While the concept of social cohesion is intriguing, it has also been frustrating, since the existence of multiple definitions prevent its meaningful measurement and application [5]. There has been much theoretical and empirical research on social cohesion in both sociology and social psychology. A review of key studies of the concept from the late 19th century to the early 21st century shows that they seem to cluster around three methodological approaches: empirical, experimental, and social network analysis [5]. Empirical studies provide great observations (Gustave Le Bon [24], Sigmund Freud [25]) about the hypnotic influence of crowds towards their members but lack a method for checking and extending these observations. From the early- to mid-20th century experimental, studies of social cohesion flourished. The major representative of the experimental approach is Moreno who invented sociometry, a quasi-quantitative technique that measures the degree of relatedness between people. Social network analysis (21st century) is building on top of the experimental analysis, putting emphasis on the structural cohesion in terms of sets of relationships rather than sets of individuals. Social network analysis also analyses the concept of perceived cohesion as an aspect not considered in at the experimental approach. Under this perspective, the current study focused at the social network analysis approach taking under consideration a set of definitions in well-known social science works, as shown in Table 1. It is worth mentioning that the definitions proposed by the Council of Europe as well as by the Organization for Economic Co-operation and Development (OECD) are considered as the most widely used definitions today [26].
Considering the aforementioned definitions of social cohesion, the current study adopted the definition provided by Carron and operationalized Arruga’s method (1997) [32]. Arruga’s method is based on analyzing the responses of the group members to a sociometric questionnaire.
There are three techniques of composing a sociometric questionnaire. Peer ratings and peer nominations are the two main techniques employed to evaluate pupils’ social relationships, while cognitive mapping is the third one. Generally, peer ratings are used to ascertain the level of acceptance pupils enjoy within their class network and peer nominations are used to determine pupils’ social status [33]. The peer nomination approach originated by Moreno (1934) has been the most commonly used sociometric technique. It requires children to name classmates who fit a particular sociometric criterion. Nominations may be based on positive criteria as well as negative criteria. An alternative sociometric technique is the “peer-rating” method, which asks pupils to rate all their classmates’ likeability on a Likert-type scale, rather than nominate a limited number of “liked” or “disliked” peers. Typically, a questionnaire is administered containing a register of all members of a class followed by a question requiring all pupils to indicate the degree of preference for spending time or working with each one of their fellow-pupils.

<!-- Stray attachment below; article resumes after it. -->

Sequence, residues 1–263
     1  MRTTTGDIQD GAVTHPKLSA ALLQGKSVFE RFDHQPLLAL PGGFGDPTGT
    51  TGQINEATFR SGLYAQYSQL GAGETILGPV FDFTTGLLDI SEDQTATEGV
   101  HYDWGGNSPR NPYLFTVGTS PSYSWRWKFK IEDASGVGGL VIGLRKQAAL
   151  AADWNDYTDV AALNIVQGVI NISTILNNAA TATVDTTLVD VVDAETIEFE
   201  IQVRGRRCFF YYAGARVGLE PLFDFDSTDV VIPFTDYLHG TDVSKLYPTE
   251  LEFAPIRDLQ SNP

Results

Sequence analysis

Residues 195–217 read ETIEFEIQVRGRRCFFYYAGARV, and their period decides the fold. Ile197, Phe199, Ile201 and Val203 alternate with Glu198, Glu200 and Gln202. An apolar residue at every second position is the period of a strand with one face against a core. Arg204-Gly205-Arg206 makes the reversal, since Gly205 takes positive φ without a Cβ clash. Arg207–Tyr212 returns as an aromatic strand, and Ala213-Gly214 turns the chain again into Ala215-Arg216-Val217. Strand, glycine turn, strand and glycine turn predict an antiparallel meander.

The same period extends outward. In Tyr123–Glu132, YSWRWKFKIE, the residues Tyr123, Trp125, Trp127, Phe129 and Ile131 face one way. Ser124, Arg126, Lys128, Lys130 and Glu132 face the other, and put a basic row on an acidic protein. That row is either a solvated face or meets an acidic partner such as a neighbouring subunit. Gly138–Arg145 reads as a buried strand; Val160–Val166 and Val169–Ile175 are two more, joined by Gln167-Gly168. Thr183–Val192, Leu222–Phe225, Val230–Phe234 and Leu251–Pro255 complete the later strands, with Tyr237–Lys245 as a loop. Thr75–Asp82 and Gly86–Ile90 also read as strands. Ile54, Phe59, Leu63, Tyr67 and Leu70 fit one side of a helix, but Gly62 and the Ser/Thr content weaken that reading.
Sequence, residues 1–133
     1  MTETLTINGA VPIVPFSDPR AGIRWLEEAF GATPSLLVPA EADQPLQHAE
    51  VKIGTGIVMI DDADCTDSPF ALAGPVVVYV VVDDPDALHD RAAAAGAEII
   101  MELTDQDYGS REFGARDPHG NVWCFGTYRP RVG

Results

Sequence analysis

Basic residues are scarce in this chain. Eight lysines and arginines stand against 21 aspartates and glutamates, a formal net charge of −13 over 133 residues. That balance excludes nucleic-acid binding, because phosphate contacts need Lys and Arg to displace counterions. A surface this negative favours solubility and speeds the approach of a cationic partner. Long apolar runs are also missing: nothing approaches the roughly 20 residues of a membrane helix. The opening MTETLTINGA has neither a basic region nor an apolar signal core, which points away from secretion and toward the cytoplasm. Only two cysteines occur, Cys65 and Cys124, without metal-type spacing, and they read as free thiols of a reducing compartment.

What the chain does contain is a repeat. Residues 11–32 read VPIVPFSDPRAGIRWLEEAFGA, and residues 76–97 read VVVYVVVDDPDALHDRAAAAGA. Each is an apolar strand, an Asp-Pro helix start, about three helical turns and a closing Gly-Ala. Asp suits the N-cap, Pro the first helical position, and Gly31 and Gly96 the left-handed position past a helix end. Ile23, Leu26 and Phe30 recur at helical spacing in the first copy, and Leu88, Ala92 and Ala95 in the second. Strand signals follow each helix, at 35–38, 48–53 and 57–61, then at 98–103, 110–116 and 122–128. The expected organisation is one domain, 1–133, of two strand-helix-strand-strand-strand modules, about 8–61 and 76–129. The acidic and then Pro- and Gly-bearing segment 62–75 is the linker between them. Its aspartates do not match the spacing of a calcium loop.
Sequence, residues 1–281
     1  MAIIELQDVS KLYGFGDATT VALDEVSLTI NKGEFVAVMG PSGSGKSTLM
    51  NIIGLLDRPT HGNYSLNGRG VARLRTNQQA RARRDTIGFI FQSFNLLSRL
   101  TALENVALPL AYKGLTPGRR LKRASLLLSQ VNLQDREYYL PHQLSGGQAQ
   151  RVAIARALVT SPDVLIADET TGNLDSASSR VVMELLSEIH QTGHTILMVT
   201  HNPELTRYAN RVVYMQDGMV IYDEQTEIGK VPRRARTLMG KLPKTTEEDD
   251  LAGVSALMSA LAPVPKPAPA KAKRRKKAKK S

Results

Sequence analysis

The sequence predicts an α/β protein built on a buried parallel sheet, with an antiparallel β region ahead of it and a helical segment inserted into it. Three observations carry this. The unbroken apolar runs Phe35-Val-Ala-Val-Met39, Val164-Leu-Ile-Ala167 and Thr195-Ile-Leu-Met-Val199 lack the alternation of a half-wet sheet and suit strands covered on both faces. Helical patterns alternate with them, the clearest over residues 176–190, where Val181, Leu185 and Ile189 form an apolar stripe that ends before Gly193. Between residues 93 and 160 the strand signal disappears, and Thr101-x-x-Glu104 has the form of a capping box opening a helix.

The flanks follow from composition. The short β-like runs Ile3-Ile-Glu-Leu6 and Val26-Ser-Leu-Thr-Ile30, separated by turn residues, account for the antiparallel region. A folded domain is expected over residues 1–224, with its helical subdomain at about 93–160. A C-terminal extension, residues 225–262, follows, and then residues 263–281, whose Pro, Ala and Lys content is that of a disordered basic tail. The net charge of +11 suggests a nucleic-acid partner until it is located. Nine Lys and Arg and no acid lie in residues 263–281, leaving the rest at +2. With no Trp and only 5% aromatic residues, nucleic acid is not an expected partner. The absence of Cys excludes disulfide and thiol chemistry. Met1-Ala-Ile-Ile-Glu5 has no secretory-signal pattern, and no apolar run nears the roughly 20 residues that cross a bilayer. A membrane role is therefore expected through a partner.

A third technique is the so-called social cognitive mapping (SCM) developed by Cairns and his collaborators [33]. The technique obtains information about the nature of social networks and the relations among peers within a class by asking pupils the question “Are there any pupils in your class who hang around together a lot? Who are they?” Responses are aggregated to generate a composite social map of the class. Therefore, in the SCM approach individuals provide information about social clusters beyond their own immediate set of friends, resulting in the identification of all peer groups in a particular network. This makes it possible to determine if a pupil is a member of a group and with whom it affiliates, the number of peer clusters and the centrality of each cluster within the class network, and the centrality of each individual in its peer cluster. The SCM approach is based on the premise that children are expert observers of the peer clusters in their classrooms and can provide reasonably convergent information about these.
In this study, the peer nomination technique was used to formulate the initial sociometric questionnaire. Apart from being the most widely used technique, peer nomination is followed up by a systematic and clear statistical analysis method proposed by Arruga. Furthermore, it is semi-supported by open source software sociometric tools that facilitate the data meta-analysis, making it transparent and less-time consuming. Such features are in line with the objectives of our study, since we focused on the impact of emotional education interventions on social cohesion. The adopted social cohesion calculation model in the current study is presented into detail in Section 3.1.